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Love Girls Magazine - Because Every Girl Has A Story


Self Hate to Self Love

Kimberly London

I believe everyone has a story, but I was once a girl who thought my story would never even matter. Why? Because, I was the "weird" girl no one ever understood. I was the overly nice girl that everyone took advantage of. I was continuously bullied and mistreated by other students on a daily basis. It was the most horrific time I could have ever experienced as a child. It all started in the fifth grade. I literately thought I did not have a purpose in life. I thought of myself as invisible. I honestly did not want to exist anymore. I felt victimized for being myself, but then again, I felt as if I committed a crime for being myself because everyone around me seemed so unsatisfied with my presence.

During this time of my life, I had personal issues at home that made me feel bad enough. When I went to school, other kids would make fun of the clothes I wore because they were not name-brand, or I would repeatedly wear the same clothes over and over again. The fact that I didn't have upscale clothes like everyone else did not faze me at all, but the fact that other people seemed to recognize me only by my clothes, tore me to pieces. But all in all, I never ever chose to retaliate. Instead I was taught by my mom to humble myself and love people anyway. Besides, I am not perfect and never have been, but I have always had a very sincere heart towards other people and I believe everyone reaps what they sow, good and bad.

Fast forward to middle school, I thought maybe now my life would be a bit of a breeze. I thought being in a completely different environment would inspire me to think more positively of myself. Just as I thought I would finally escape the cruel people I met in fifth grade, I met even more. In the seventh grade, for the first time, I had suicidal thoughts. I had enough of people bothering me. I had enough of the humiliation. I was too weak to defend myself and my confidence was extremely low. I remember secretly harming myself with sharp items at home. I was way too afraid to kill myself, so I gave myself a punishment. I thought harming myself would make everyone else happy. I mean, all people ever did was hurt me. I thought maybe I wasn't created to feel happiness.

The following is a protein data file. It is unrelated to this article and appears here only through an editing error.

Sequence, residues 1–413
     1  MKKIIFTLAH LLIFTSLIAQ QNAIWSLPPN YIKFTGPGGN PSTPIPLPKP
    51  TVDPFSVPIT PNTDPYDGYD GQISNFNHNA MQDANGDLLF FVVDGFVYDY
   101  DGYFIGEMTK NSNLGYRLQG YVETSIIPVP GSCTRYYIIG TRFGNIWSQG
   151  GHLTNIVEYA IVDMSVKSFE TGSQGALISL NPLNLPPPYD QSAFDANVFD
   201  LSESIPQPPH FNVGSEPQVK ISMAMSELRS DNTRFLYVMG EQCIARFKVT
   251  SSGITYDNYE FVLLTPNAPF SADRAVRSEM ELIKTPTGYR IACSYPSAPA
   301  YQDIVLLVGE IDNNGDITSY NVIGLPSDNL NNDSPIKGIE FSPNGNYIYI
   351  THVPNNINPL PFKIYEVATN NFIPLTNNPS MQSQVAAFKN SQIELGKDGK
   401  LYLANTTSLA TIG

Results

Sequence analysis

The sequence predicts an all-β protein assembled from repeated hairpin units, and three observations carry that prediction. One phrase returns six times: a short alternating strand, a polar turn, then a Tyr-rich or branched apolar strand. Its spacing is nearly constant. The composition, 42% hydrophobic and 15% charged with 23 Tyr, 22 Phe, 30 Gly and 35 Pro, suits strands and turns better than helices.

It felt like no one understood me. The only person I could turn to was my mother, and ultimately, God. I remember the times I had to make up lies to tell my teachers about why I had scars on my arm. I remember the time my mother finally noticed what I did to myself after hiding my scars for so long. I could only imagine how she felt. I felt even more disappointed that my own mother had to see dried blood and scars on my skin that I inflicted upon myself. My mother was strong though. I am sure she has shed tears behind closed doors, but for me, she was very uplifting. She told me to look at myself in the mirror that day and say "I am beautiful. I am bold. I am different, and that's okay!" From that moment on, I kept those statements in my head every day, especially "I am different, and that's okay!" My mom was my assurance that being different from other people wasn't such a bad thing.